When Barry Lynn learned that everything was about to go public, he realized he didn’t have much time. So he called his wife and asked her to bring the car downtown to the headquarters of New America, the center-left think tank that had been his professional home for 15 years. She arrived shortly thereafter with the family’s Toyota Highlander and a neighbor’s 17-year-old son—there to pitch in some extra muscle.
Up in the office sat Lynn’s most valuable possessions: The Federalist Papers, The Wealth of Nations by Adam Smith, The Federal Antitrust Policy by Hans Thorelli, biographies of Louis Brandeis, John D. Rockefeller, and piles of works by obscure scholars and thinkers. For Lynn, these weren’t just books. They were the intellectual foundation of the entire anti-monopoly movement, the source material for his life’s work. And tonight, that life’s work was the reason he was out of a job—and boxing up his library.
Two months earlier during that summer of 2017, Lynn had made public remarks about Google, a firm he viewed as an example of just the kind of modern-day monopoly he was trying to disassemble. The comments had caused Google’s top executive, a major New America donor, to complain to the think tank’s president. Within days, Lynn was out, though he was permitted to remain in his office to get his affairs in order. But that would change the next morning, he knew, when the New York Times, acting on information Lynn himself had provided, would detail the circumstances of his departure and put New America at the center of an embarrassing scandal.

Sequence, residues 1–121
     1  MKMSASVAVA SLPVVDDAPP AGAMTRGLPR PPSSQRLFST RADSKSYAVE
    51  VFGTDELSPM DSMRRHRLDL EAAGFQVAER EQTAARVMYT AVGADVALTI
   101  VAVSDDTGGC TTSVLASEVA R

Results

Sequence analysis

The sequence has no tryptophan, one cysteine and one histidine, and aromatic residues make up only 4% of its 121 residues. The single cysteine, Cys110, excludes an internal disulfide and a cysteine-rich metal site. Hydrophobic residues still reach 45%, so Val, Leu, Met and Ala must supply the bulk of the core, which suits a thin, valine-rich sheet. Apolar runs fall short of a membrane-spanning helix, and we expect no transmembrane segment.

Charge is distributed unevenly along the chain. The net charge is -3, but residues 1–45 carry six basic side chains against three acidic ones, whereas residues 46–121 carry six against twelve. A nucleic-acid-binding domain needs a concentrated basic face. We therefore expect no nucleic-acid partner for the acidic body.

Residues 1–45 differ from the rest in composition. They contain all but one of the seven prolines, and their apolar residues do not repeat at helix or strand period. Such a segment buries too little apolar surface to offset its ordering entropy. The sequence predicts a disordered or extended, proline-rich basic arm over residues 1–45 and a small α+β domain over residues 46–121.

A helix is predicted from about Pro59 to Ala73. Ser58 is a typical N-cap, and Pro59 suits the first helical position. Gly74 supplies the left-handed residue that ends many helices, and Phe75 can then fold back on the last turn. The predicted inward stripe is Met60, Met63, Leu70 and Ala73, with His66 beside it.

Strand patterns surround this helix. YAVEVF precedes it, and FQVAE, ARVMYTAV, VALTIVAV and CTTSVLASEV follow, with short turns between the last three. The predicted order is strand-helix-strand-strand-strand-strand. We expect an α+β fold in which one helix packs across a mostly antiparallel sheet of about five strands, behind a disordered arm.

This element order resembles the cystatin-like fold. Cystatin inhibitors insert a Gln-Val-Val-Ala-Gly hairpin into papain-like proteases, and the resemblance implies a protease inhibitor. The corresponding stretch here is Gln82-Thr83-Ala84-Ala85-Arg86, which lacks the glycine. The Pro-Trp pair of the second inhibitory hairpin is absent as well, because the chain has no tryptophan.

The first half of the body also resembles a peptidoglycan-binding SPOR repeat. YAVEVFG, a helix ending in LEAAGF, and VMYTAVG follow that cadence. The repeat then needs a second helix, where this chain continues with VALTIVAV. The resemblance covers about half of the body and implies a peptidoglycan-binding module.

At the time, concerns about monopolies were elbowing their way back onto Washington’s agenda after decades in the wilderness. Lynn had secured new funding, expanded his staff, and advised a growing roster of lawmakers. Would he have to start again? On the ride home, he worried about the future. How would his financial backers respond to the Times story? Would congressional aides still seek his team’s input? Or would all this momentum slip away?
In retrospect, the blowback about corporate influence on a supposedly independent think tank probably helped bring new attention to the very point Lynn had spent years making. Two years later, the question of how to address the awesome powers of Big Tech has emerged as a signature issue of our time—a formerly sleepy cause that looks likely to turbocharge Washington’s vast lobbying industry as corporations and their critics spend big new dollars trying to sway legislators and policymakers.
They’ve got a lot to lose. Google and Facebook control websites that receive 70 percent of all internet traffic, Amazon accounts for nearly half of online retail sales in the United States, and, taken together, these three Silicon Valley empires collect more than two-thirds of all digital-advertising spending. In a polarized Washington, hating on Big Tech is an impulse that knows no party. Presidential candidates such as Elizabeth Warren and Bernie Sanders have demanded that Facebook be broken up. Conservative media stars including Tucker Carlson and Sean Hannity have blasted the platforms for what they view as censorship of right-wing opinion. In 2017, the Trump administration launched an ultimately unsuccessful effort to block AT&T’s $85-billion merger with Time Warner. While Trump’s contempt for CNN—a Time Warner subsidiary—may have motivated his opposition, he framed it to appeal to the public’s new suspicions. “It’s too much concentration of power,” Trump said of the merger, “in the hands of too few.”